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Chris Honoré: Appealing to the best in us

Watching the Republican debates, followed by the collateral speeches, I often try to imagine the candidates as president of the United States. I find that I do this most often with Donald Trump as he engages in the perpetual drama and denigration of his fellow Republicans, all the while avoiding ever mentioning his vision for America, other than in the most obscure terms. We will have the biggest and best equipped military so no one will ever “mess” with us; millions of jobs will return to the U.S. on day one. His solution for our complex immigration problem — well, you already know what that is.

I cannot imagine Trump inhabiting the White House, with all of the requisite decisions inherent in the job, to include the responsibility of acting as our commander in chief. I shudder.

But what the Republicans have done, with all of their bitter acrimony and sustained personal insults, is to give me cause to reflect on the measured, reserved and articulate president who has inhabited the White House for more than seven years.

This is by no means an apologia for this administration. It hasn’t been perfect. How could it be? Rather, I am simply pointing out that one result of watching the Republican contest has been to cast the leadership of Barack Obama into relief.

Caught up in the maelstrom of this long primary journey, we tend to forget that whether you agree with his policies or not, he has been, here and abroad, always elegant in his restraint and poise while possessing a genuine empathy and an uncommon intelligence. And not to forget that on that winter day when he first took the oath of office, Republican leaders were meeting in a hotel not a mile away, pledging to do all within their power to obstruct Obama’s every initiative. Party and ideology before country.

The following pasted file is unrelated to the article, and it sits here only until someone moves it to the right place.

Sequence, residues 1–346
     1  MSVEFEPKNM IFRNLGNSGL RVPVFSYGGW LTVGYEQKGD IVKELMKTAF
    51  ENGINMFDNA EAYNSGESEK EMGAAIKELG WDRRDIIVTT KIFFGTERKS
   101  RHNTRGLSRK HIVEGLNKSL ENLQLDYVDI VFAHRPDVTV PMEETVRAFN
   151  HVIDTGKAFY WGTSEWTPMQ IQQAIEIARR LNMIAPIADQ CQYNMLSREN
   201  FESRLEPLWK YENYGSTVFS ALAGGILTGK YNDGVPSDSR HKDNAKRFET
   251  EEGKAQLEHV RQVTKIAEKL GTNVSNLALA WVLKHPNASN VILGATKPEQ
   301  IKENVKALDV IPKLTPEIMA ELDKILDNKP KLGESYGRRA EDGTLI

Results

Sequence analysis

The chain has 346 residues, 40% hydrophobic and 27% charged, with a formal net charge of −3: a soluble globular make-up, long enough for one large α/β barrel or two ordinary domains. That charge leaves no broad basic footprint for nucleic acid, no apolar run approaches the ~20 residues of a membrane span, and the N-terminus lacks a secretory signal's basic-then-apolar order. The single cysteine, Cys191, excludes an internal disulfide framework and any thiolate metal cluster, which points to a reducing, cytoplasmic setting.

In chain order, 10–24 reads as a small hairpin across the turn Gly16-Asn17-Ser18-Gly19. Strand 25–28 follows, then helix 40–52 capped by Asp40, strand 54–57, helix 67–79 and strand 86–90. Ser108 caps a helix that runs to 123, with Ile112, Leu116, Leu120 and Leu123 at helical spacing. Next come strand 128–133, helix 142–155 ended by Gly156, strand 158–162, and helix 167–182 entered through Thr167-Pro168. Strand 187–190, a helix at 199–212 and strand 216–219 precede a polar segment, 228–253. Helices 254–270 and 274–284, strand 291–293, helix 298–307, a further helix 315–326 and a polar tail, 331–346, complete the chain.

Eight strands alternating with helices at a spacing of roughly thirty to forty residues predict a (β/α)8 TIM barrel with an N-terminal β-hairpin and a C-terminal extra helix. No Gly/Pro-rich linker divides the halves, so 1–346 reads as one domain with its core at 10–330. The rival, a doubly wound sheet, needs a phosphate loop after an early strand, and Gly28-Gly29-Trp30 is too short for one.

But to know the character of our president, it is helpful to go back to a few of his speeches to realize that his presidency has been like no other, possessed of an uncommon dignity. He was not just the first black man to hold the office, but what he said resonated.

I read parts of his victory speech, delivered in Grant Park on Nov. 4, 2008: “Tonight, because of what we did on this day, in this election, at this defining moment, change has come to America … Tonight we have proved once more that the true strength of our nation comes not from the might of our arms or the scale of our wealth, but from the enduring power of our ideals: democracy, liberty, opportunity and an unyielding hope.”

Now try and imagine Donald Trump uttering those words.

When President Obama attended a memorial service for those 20 children and 6 staff killed at Sandy Hook Elementary School, he spoke for the nation when he said, “You are not alone in your grief. We have wept with you and our hearts are broken.” In that moment, in a gesture that has become all too familiar, he pushed back welling tears. He knew that he was consoling those who were inconsolable, whose loss was beyond comprehension, those small second graders now gone forever, gun violence a shroud not to be denied.

Now try to picture Donald Trump standing in his place.

Who else but President Obama could have delivered the eulogy for the Rev. Clementa Pinckney and eight others, all members of Charleston's Emanuel AME Church, killed as they sat in the church’s sanctuary by a deranged white supremacist. The president delivered a moving and heartfelt speech in the cadence and rhythm of a church pastor, pointing out that the fear and recrimination the shooter had hoped to create were transformed instead into forgiveness and above all grace. Grace. How sweet the sound.

His appeal has always been to the best in us. He has walked across the stage, both here and internationally, with dignity and style and above all hope. He grasped the complexity and difficulty of his office with all of its inherent vagaries. We may look back in a year or two and realize that we had a president who was, in so many ways, better than we were.

Chris Honoré of Ashland is a Daily Tidings columnist.